## 5         X400m  -1.5790   0.25369    6.224
## 6  X110m.Hurdle  -0.6151   0.08854    6.947
## 7        Discus   3.5226   0.65992    5.338
## 8    Pole.Vault   0.2522   0.05788    4.358
## 9      Javeline   4.9369   0.99517    4.961
## 10       X1500m -12.3911   2.26437    5.472

What hardness score is telling us is how many SWCs each event needs to improve to yield SWC in the total score.

Let’s take Discuss throw as an example: to improve total score for SWC (74.51 points), one needs to increase discuss distance for 3.52m. The SWC (between individual SD for discss ) for discuss event solely is 0.66m. Hence one needs 3.52 / 0.66 = 5.33 discuss smallest worthwhile improvements to yield SWC in the total score.

Let’s create the graph

event.SWC$Event <- with(event.SWC, factor(Event, levels = Event[order(hardness, 
    decreasing = TRUE)]))

gg <- ggplot(event.SWC, aes(x = Event, y = hardness))
gg <- gg + geom_bar(stat = "identity", fill = "blue", alpha = 0.5)
gg <- gg + coord_flip()
gg

plot of chunk unnamed-chunk-15

And you have guessed correctly – this graph is same as beta coeficients (double check above). Thus one can use beta coeficients to understand how hard migh be to change each evet to get SWC in the total score

Athlete Profiles

Using the normalized event scores we can draw profile for each athlete and see his strengths and weaknesses compared to other competitiors.

# Convert normalized data from wide to long format needed for ggplot2
decathlon.normal.long <- melt(decathlon.normal, id.vars = "Athlete", value.name = "Z.Score",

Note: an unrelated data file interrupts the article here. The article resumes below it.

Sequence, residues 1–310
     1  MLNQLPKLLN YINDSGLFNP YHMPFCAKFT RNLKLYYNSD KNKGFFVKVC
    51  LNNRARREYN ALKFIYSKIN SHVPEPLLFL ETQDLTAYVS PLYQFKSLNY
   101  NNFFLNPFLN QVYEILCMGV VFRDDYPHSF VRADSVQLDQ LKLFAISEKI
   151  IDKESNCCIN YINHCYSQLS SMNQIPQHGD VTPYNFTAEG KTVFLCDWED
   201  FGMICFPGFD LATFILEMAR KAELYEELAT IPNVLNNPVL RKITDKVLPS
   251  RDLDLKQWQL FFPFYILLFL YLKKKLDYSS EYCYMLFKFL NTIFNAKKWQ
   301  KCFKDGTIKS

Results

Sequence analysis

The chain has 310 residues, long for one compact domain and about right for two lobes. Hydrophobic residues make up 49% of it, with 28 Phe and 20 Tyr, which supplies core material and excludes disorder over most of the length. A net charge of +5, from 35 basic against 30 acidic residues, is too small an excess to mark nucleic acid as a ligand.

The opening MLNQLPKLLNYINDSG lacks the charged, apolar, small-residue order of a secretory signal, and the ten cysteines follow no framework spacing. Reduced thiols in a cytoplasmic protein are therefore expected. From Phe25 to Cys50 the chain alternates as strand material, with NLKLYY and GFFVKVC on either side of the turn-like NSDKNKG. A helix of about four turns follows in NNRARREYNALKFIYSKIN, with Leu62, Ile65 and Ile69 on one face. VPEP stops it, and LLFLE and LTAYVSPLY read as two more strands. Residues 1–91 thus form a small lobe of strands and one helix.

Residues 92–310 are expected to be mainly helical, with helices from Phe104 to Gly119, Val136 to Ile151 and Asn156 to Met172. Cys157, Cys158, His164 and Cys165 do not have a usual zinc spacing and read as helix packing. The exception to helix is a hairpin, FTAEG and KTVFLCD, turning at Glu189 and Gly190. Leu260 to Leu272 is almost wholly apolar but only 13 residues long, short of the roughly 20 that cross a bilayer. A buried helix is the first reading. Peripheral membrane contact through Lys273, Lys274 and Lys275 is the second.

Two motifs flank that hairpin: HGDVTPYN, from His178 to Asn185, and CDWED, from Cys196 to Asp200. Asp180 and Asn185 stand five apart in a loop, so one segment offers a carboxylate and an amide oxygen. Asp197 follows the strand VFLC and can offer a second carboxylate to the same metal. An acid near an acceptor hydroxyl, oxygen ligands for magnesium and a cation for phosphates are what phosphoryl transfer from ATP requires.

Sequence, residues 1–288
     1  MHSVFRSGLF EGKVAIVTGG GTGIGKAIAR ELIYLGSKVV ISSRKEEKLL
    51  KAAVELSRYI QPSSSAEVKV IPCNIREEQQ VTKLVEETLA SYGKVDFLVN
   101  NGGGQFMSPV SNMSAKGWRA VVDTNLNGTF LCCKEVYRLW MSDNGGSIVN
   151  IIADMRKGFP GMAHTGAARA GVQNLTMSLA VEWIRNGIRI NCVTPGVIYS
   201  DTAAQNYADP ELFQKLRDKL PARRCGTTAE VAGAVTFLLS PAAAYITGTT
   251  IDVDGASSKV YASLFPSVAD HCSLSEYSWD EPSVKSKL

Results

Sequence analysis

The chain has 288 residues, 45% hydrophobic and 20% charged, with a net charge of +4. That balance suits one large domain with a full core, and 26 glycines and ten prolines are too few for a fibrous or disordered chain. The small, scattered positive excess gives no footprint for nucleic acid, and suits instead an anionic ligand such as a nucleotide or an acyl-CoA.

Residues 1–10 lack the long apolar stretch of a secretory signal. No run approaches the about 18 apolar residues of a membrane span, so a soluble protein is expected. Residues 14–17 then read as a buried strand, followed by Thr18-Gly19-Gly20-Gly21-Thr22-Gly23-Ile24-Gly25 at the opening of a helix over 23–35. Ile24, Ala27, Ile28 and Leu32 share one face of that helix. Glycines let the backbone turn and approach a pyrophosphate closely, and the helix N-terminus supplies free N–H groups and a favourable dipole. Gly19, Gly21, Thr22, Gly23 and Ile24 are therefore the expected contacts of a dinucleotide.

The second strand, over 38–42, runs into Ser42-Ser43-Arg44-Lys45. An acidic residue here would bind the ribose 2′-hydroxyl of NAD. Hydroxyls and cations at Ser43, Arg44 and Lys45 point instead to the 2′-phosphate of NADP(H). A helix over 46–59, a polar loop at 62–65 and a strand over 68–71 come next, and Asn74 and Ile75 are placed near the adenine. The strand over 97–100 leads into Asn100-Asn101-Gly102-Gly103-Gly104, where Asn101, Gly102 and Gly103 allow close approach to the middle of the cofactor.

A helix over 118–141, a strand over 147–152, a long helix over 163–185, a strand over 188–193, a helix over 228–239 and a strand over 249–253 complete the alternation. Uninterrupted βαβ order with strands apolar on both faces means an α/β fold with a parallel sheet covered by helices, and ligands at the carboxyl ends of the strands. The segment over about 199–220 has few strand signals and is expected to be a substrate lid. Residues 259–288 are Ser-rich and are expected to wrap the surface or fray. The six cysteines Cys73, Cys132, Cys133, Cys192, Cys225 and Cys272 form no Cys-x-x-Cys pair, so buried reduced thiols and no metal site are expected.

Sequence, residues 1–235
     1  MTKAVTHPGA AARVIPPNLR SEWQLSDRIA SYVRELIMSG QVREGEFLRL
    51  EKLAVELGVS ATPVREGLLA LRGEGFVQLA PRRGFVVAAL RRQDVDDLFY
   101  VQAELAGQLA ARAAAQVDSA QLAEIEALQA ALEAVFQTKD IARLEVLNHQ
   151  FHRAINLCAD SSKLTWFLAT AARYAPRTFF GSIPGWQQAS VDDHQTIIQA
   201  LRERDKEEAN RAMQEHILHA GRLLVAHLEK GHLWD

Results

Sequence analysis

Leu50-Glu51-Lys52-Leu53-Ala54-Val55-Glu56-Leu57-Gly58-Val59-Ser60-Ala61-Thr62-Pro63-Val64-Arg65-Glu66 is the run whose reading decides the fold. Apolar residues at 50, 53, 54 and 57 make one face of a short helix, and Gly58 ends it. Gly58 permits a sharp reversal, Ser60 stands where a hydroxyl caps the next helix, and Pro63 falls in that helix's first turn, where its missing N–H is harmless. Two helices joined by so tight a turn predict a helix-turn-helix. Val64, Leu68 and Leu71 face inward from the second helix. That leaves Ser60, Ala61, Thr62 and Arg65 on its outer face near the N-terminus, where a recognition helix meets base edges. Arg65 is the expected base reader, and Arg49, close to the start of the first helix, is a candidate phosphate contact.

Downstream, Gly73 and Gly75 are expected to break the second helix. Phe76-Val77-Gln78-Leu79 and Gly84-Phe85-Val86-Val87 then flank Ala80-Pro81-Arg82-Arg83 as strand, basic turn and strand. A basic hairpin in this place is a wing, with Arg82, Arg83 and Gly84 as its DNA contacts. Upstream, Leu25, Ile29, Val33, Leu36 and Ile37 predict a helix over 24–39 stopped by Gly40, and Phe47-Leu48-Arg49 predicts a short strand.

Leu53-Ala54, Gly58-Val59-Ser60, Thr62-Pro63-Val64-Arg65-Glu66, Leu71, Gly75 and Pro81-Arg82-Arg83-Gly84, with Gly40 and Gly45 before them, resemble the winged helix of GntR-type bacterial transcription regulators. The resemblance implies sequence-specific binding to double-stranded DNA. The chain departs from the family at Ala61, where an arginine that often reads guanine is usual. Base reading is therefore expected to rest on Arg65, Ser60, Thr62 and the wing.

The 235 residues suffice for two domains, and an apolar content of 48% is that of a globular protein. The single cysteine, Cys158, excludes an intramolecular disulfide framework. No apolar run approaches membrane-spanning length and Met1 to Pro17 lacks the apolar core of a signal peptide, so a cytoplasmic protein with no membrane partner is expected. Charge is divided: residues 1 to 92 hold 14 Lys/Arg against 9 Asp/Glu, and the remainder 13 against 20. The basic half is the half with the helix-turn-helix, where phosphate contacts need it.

variable.name = "Event")

gg <- ggplot(decathlon.normal.long, aes(x = Event, y = Z.Score))
gg <- gg + geom_bar(stat = "identity", fill = "blue", alpha = 0.5)
gg <- gg + coord_flip()
gg <- gg + facet_wrap(~Athlete, ncol = 3)
gg

plot of chunk unnamed-chunk-16

And we can do the same for each event, so we can compare the athletes for each.

# Reverse the order of the athlete so the graph is sorted from the best to
# the worst
decathlon.normal.long$Athlete = with(decathlon.normal.long, factor(Athlete, 
    levels = rev(levels(Athlete))))

gg <- ggplot(decathlon.normal.long, aes(x = Athlete, y = Z.Score))
gg <- gg + geom_bar(stat = "identity", fill = "blue", alpha = 0.5)
gg <- gg + coord_flip()
gg <- gg + facet_wrap(~Event, ncol = 2)

# Reverse the order of the factors
decathlon.normal.long$Athlete = with(decathlon.normal.long, factor(Athlete, 
    levels = rev(levels(Athlete))))

# Plot
gg

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Click HERE for part 2

I am a physical preparation coach from Belgrade, Serbia, grow up in Pula, Croatia (which I consider my home town). I was involved in physical preparation of professional, amateur and recreational athletes of various ages in sports such as basketball, soccer, volleyball, martial arts and tennis. Read More »